Pell Center

The Pell Center for International Relations and Public Policy at Salve Regina is a multidisciplinary research center focused at the intersection of politics, policies and ideas.

The Immigration Issue

On one hand, you’re turning your back on innocent children, many of them escaping poverty, violence and a number of other horrors. Yet on the other side, you have legal American citizens who struggle day by day, single mothers, homeless veterans, and hardworking families who can’t catch a break. This is the question that Congress is being asked to answer before they depart for the month of August. In my mind, you cannot offer help to people who come to this country illegally when American citizens need support just as badly, if not more. For example, the unemployment rate in this country is 6.7%, better than it was, but still not acceptable. There are also a large number of homeless Americans, as of January 2013, that number stood at 610,042. These are only two of the numerous problems this nation faces, yet instead of addressing our own issues; we have decided to handle the burdens of other nations.

Most of the unaccompanied children that try and enter the United States each year are from Central American countries such as Honduras and Guatemala. The children are fleeing a life violence and poverty and venturing to the United States with hope of staying with relatives or with the belief that they won’t be turned away. How can this country be asked to take care of the 90,000 children that are anticipated to arrive this year when we’re still struggling to take care of our own?

On Monday, an article published on explained how Congress has less than two weeks to come up with a solution to the immigration issue. President Obama is asking for about $3.7 billion to fund what the President calls “a humanitarian situation.” The money would be used to provide housing for the immigrant children, to further support border control efforts and the rest would be sent to Central American countries to prevent parents from sending their children to the United States.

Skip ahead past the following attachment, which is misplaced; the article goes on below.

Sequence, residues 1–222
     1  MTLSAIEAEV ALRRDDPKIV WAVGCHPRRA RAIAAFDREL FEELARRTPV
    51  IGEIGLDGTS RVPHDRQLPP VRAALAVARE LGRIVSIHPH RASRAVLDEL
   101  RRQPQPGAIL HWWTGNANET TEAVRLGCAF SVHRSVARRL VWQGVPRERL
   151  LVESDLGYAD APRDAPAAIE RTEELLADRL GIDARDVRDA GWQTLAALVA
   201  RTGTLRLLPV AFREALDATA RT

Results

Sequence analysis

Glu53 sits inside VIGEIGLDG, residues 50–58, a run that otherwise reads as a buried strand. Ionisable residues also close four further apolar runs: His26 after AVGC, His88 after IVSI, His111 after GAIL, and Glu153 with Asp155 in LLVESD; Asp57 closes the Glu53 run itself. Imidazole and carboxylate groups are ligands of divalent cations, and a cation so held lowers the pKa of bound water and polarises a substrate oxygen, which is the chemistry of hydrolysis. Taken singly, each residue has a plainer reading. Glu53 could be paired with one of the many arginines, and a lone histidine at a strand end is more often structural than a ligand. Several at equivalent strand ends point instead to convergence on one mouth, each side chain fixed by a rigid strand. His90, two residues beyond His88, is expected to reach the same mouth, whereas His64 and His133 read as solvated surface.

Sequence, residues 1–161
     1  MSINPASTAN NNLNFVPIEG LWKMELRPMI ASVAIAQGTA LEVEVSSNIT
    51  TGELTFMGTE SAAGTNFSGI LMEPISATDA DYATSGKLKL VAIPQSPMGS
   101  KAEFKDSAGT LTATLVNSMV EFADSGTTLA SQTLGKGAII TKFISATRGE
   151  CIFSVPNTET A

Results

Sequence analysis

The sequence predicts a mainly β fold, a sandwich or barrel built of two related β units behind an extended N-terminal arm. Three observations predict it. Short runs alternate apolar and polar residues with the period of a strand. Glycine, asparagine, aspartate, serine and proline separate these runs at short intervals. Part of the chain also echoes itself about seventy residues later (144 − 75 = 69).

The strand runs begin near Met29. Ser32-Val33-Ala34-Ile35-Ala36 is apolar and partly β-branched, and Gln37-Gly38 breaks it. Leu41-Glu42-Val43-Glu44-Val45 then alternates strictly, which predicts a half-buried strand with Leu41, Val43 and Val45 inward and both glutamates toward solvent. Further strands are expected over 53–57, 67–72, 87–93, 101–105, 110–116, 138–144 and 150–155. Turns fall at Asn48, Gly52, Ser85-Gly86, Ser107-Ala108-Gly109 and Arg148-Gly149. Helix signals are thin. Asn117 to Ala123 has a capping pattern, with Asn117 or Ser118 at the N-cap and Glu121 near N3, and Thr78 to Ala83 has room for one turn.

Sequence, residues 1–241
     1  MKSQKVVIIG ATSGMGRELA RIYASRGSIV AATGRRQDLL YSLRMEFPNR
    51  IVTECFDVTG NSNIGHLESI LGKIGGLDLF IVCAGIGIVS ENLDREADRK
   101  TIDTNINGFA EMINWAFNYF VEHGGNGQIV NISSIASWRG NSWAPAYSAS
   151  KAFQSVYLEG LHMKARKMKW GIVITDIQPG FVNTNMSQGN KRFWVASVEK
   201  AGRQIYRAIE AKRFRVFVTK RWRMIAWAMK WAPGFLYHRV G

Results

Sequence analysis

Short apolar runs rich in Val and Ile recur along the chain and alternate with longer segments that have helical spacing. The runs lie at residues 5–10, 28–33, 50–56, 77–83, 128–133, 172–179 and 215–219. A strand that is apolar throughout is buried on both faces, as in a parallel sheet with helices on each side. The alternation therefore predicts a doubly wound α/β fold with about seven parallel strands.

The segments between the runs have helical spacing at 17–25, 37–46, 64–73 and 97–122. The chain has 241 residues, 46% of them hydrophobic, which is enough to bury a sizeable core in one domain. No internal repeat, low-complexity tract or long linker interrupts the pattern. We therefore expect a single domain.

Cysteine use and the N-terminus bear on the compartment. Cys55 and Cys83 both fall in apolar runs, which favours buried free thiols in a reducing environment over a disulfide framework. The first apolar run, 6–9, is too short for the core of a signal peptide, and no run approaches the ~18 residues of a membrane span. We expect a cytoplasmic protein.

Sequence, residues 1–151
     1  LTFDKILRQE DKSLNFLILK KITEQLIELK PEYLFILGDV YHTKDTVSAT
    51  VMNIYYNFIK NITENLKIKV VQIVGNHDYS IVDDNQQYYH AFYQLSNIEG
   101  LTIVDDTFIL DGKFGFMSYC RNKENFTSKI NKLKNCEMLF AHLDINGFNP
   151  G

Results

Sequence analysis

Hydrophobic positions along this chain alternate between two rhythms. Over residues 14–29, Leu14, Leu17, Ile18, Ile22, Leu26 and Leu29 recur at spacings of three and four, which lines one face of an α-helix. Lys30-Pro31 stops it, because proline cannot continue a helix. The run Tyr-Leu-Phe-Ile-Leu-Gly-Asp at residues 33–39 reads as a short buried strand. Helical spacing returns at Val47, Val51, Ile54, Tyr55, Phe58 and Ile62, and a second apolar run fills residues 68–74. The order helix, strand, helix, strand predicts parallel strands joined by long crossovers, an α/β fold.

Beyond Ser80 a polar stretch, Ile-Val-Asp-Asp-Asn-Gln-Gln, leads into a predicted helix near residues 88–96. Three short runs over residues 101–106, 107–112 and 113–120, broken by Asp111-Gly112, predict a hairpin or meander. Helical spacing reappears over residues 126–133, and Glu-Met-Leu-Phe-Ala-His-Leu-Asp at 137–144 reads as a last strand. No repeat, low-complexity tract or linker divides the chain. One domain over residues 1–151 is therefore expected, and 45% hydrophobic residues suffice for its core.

Meanwhile in Congress, Republicans are aiming to use the money to fund border patrol and turn immigrants away immediately. Democrats want the money to fund immigrant processing, which should speed up the process that decides whether or not the children may stay or go. They have 12 days to come to an agreement, but that doesn’t look too promising.

I can see the appeal of both sides. The Republicans are eliminating the problem swiftly but harshly. Democrats seem to be taking more of a middle ground approach, but still want to use $3.7 billion dollars that could be used for another issue that we currently face. The problem will not be solved completely even if Congress does come to an agreement. This is a complex issue that needs to be addressed on a permanent level. Legislation needs to be passed and changed for the times.

I can remember sitting in class in elementary school learning about Ellis Island and the relief it brought to these people knowing they made it, they were Americans. That said, it’s hard to ignore the irony of this situation. We were once a nation that welcomed immigrants with open arms, and now we’re going to extreme lengths to keep them out. The Statue of Liberty with her torch held high was a symbol of hope and a better life. Now it’s nothing more than a historical landmark with a representation of what the United States used to be.

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